Judge Rejects Amgen’s Effort to Block Sandoz Biosimilar Version of Neupogen

A federal judge denied Amgen Inc.’s effort to block the sale of Sandoz’s recently approved biosimilar version of Neupogen.

U.S. District Judge Richard Seeborg in San Francisco on Thursday rejected Amgen’s bid for a preliminary injunction blocking Novartis’ Sandoz from selling its Zarxio (filgrastim), a biosimilar version of Amgen’s Neupogen that was approved by the US Food and Drug Administration (FDA) on March 6.

In February, Thousand Oak-based Amgen filed paperwork seeking a preliminary injunction, arguing that Sandoz had not complied with the time elements specified in the law allowing bioismilars. Novartis’ attorneys filed counter arguments that Amgen’s lack of cooperation caused delays and timing issues. Amgen said that it intends to appeal Seeborg’s ruling.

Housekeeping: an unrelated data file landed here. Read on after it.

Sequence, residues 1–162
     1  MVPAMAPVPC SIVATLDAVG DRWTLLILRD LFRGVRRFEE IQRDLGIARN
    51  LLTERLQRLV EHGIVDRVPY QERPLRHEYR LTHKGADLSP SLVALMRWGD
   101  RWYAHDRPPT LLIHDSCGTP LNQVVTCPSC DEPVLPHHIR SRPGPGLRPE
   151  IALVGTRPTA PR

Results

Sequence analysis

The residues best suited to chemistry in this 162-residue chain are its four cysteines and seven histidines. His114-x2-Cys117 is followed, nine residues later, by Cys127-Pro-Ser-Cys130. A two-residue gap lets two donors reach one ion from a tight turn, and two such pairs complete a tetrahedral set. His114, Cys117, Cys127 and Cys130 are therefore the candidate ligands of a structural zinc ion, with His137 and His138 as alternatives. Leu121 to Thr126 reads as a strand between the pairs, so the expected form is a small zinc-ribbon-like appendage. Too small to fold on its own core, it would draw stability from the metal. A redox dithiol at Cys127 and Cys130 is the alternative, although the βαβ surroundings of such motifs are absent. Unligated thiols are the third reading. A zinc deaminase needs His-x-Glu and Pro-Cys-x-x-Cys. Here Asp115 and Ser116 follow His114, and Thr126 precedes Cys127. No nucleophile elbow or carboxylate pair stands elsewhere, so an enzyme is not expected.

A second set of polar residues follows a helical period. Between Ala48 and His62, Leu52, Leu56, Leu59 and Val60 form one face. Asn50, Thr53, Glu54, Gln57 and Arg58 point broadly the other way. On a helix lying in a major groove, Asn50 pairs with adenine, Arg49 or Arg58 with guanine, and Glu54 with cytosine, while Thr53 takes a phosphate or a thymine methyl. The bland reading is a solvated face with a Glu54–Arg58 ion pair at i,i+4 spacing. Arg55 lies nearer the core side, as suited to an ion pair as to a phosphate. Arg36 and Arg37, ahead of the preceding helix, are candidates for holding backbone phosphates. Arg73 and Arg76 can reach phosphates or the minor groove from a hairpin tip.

Based on this case’s importance for future biosimilars, Amgen and Novartis agreed to jointly request expedited review of any appeal.

Sandoz’s Zarxio is the first biosimilar product approved in the U.S. It contains the same active ingredient as Amgen’s Neupogen, a blockbuster drug used to prevent infections in cancer patients. Neupogen generates $1.2 billion per year for Amgen. Biologics are derived from living cells and are produced through various process, such as recombinant DNA, controlled gene expression or antibody methods. Because of their complexity, biosimilars are considered similar but not copies of the drug.  Although Zarxio is not an exact duplicate of Neupogen, the drug has been approved for the same five conditions as Neupogen.

Biosimilars are expected to reduce costs of biologic drugs that are high in price. While biosimilars are not expected to reduce costs to the extent of generics, analysts expect biosimilar drugs to be priced at a 20 to 30 percent discount compared to the original, and those discounts may increase over time. By 2024, biosimilars are expected to reduce US drug spending by $40 billion.

 

Last updated: 3/20/15; 10:10am EST

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